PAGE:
Military Wiki
Kautokeino Airport
Kautokeino flyplass
Airport type Private
Owner Norwegian Directorate of Public Construction and Property
Location Kautokeino, Finnmark, Norway
Elevation AMSL 355 m / 1,165 ft
Coordinates 69°02′25″N 023°02′03″E / 69.04028°N 23.03417°E / 69.04028; 23.03417Coordinates: 69°02′25″N 023°02′03″E / 69.04028°N 23.03417°E / 69.04028; 23.03417

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Direction Length Surface
m ft
01–19 1,200 3,739 Gravel

Kautokeino Airport (Norwegian language: Kautokeino flyplass; IATA: QKX, ICAO: ENKA) is a general aviation airport located in Kautokeino, Norway. It consists of a 1,200-meter (3,900 ft) gravel runway. The airport was built by the Luftwaffe during World War II. It was rebuilt in 1958 by the Royal Norwegian Air Force to supply its radar station at Kautokeino. It is largely unused and is now owned by the Norwegian Directorate of Public Construction and Property and the Finnmark Estate. Local politicians have called for the airport to be upgraded to a regional airport, but this has been rejected by Avinor.


Junkers Ju 52 at Kautokeino during World War II

Norwegian soldiers with the wreck of a German aircraft at Kautokeino Airport in spring 1945

The airfield was built by the Luftwaffe as an emergency landing field during the early 1940s.[1] In addition to this, it stationed a detachment of reconnaissance aircraft.[2] The Royal Norwegian Air Force established a radio station at Kautokeino in 1945. Transport to the new airport was among other means carried out using seaplanes which used the Altaelva river to land. The station was upgraded in 1955 and received a radar and was designated as a reporting post. Its first upgrade took place in 1958, the same year as renovations of the airfield were carried out. The main users of the airfield were Twin Otters from Bodø Main Air Station. On occasion supplies would be dropped by parachute.[1] Once only a jet fighter has landed here, even if the field is too short for them. In June 1970 an F5 landed and took off, then using a parachute and extra rockets. Enontekiö Airport in Finland started marketing itself as Enontekiö–Kautokeino Saami Airport from 2008,[3] although Finavia does not use the term any more.[4] Enontekiö is located 90 kilometers (56 mi) from Kautokeino.[3]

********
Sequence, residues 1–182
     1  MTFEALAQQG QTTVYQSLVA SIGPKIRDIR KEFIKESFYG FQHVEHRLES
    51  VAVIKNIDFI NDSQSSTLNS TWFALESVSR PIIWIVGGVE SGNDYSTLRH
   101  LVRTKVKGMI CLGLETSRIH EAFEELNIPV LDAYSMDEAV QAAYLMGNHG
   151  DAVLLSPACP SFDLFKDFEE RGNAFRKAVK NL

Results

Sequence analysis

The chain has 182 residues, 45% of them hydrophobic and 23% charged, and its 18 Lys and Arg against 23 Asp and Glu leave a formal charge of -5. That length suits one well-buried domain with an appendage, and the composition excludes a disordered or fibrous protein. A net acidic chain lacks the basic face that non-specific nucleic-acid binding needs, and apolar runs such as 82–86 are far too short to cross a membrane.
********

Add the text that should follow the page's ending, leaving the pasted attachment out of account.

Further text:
Local politicians have proposed that Kautokeino Airport be rebuilt as a regional airport. In 2007 a unison municipal council supported an upgrade to the airport. They cited that Kautokeino would receive a hotel from 2008 and that it would be necessary to have an airport to support the village's tourism industry.[5] A secondary argument is that an upgraded airport could be used for an air ambulance service.[6] Finnmark County Council voted with a single decisive vote in 2010 to work towards making Kautokeino Finnmark's twelfth regional airport.[7]


The airport is located 3 kilometers (2 mi) north of the village center. It consists of a 1,200-by-40-meter (3,940 by 130 ft) gravel runway aligned 01–19 (roughly north–south). There is no regular traffic on the airfield. The airport is located at an elevation of 355 meters (1,165 ft) above mean sea level in a flat area.[8] The airport is owned by the Norwegian Directorate of Public Construction and Property, which leases the land from the Finnmark Estate.[9]